When a person in a wheelchair cannot enter the library because of the stairs – most recognize the obvious discrimination. But what about a reader who is visually impaired and cannot order a book from the library’s online catalogue because it is not adapted for screen reading software? Online, just like in the physical environment, there can be digital stairs, too-narrow doors, and other barriers that leave persons with print disabilities behind.

Modern society is digital and everyday life is unimaginable without information and communication technologies supporting it. Information about public institutions and activities has moved to the digital space, and depending on the country’s level of digitization, a wide variety of services are available online.

The digital space has enormous potential to facilitate access to information and services, but if it is not adapted to all users, exclusion is built in and the consequences will be felt by the whole society.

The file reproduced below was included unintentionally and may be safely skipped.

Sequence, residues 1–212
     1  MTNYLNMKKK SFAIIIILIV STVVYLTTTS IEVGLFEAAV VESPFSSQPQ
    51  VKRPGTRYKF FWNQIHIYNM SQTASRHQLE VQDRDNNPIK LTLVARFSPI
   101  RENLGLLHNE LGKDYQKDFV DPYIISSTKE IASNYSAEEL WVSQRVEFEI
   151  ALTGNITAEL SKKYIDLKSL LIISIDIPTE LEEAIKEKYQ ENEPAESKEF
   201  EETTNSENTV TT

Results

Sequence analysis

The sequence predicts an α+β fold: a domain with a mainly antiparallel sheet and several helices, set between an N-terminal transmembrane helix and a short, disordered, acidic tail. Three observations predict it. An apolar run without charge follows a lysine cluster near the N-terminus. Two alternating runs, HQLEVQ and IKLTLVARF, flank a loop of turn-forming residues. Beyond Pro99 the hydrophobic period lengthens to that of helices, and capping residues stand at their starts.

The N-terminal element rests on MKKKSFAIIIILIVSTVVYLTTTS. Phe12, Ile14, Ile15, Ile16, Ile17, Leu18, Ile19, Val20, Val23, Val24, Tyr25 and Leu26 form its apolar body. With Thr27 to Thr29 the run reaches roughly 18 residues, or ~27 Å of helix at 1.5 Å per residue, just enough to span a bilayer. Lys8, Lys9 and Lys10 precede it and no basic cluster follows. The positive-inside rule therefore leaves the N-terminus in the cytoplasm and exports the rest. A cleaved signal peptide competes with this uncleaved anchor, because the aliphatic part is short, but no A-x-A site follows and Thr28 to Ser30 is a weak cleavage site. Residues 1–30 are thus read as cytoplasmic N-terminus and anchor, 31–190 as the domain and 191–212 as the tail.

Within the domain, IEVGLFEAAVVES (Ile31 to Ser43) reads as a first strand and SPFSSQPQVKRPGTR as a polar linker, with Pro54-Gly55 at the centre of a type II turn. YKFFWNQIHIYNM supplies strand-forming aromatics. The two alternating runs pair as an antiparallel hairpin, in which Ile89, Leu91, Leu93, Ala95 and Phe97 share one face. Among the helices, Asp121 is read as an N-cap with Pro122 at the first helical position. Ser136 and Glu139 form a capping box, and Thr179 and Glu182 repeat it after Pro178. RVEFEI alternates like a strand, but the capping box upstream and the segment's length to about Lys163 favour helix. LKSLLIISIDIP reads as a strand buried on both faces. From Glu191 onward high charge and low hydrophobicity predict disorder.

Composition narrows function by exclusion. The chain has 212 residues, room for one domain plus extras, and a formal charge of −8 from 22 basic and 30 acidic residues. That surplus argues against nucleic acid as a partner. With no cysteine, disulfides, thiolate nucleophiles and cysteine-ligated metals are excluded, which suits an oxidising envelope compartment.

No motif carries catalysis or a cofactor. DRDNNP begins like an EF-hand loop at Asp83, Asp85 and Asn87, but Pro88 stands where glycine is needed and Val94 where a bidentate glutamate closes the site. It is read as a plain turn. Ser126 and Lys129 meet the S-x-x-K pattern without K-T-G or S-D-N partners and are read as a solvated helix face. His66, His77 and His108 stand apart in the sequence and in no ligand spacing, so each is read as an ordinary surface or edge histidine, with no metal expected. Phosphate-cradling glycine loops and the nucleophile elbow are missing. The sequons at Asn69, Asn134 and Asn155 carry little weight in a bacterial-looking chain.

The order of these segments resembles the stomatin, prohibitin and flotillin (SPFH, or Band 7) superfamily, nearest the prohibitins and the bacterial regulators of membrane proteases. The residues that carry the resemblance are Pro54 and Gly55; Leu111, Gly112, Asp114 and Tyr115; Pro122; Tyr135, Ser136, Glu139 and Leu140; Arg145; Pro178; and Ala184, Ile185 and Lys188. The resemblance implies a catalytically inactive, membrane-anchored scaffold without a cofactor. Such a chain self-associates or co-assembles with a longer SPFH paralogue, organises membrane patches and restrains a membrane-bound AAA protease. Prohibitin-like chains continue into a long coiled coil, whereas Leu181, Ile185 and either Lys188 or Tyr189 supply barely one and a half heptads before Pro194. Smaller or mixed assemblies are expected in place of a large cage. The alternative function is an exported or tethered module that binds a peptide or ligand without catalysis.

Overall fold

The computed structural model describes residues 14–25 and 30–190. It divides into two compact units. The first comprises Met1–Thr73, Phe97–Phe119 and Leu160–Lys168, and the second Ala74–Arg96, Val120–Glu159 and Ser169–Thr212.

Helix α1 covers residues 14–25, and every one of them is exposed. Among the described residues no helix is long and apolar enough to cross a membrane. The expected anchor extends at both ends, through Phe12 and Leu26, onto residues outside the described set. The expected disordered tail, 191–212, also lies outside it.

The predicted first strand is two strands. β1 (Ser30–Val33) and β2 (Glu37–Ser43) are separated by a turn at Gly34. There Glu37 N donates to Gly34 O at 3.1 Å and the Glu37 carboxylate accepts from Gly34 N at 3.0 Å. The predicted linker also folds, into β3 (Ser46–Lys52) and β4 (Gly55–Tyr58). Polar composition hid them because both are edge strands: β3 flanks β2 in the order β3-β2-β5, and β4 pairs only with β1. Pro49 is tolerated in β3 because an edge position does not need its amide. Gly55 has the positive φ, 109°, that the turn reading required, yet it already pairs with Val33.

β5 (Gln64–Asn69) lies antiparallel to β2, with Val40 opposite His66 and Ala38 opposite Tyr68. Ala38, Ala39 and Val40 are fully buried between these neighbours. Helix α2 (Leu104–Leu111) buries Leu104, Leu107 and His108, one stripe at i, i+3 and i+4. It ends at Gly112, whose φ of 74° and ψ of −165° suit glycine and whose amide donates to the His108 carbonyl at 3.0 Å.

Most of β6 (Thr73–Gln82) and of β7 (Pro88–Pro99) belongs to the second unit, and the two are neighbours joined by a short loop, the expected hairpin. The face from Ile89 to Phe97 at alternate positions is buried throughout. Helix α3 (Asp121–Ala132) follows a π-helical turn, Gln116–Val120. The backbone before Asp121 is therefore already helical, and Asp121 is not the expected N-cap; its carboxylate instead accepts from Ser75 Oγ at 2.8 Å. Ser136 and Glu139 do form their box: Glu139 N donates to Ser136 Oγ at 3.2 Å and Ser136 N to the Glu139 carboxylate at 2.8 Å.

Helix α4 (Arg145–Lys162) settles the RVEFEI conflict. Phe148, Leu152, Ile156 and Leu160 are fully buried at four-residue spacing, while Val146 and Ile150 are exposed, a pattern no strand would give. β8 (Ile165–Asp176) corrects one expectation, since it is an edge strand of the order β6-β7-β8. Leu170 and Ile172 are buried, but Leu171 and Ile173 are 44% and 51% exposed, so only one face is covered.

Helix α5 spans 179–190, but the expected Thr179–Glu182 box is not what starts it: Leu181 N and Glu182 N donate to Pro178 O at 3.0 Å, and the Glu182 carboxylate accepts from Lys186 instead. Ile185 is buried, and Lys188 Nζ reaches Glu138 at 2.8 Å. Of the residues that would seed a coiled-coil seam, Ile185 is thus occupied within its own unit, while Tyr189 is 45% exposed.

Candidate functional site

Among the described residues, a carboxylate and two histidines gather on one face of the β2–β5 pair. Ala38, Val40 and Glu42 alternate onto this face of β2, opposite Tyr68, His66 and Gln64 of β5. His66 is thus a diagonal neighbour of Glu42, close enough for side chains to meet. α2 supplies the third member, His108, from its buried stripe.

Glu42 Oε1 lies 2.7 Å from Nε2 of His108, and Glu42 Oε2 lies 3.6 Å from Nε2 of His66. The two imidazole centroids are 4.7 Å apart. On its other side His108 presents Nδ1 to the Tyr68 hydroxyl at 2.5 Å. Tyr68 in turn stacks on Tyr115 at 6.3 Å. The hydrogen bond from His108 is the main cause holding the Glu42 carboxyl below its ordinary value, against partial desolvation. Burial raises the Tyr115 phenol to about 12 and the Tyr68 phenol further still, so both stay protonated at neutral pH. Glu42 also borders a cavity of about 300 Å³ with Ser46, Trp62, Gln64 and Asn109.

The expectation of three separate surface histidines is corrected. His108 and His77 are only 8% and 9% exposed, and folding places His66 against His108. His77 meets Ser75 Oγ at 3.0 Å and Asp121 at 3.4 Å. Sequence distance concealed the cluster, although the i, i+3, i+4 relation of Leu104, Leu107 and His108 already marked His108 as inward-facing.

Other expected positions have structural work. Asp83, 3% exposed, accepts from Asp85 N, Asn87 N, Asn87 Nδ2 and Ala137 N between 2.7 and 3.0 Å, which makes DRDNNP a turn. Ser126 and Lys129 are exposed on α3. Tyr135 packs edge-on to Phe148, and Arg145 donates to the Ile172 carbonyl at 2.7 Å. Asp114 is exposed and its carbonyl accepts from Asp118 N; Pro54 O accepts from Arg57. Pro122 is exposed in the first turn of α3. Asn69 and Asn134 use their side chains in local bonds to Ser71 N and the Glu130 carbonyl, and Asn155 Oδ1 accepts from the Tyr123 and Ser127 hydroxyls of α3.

LPD Standing Committee Working Group now is working on “Guidelines for Inclusive Library Services for Persons with Print Disabilities“.  These guidelines aim to offer guidance to IFLA professional units, its members and library staff worldwide in developing and implementing library services for persons with print disabilities. – including digital accessibility.

We believe that these Guidelines will help to make practical use of the advice and references provided in them, so that every user of a library feels is included. Because what is accessible to persons with print disabilities is accessible for all. We all win!

Dalia Balčytytė, IFLA LPD Information Coordinator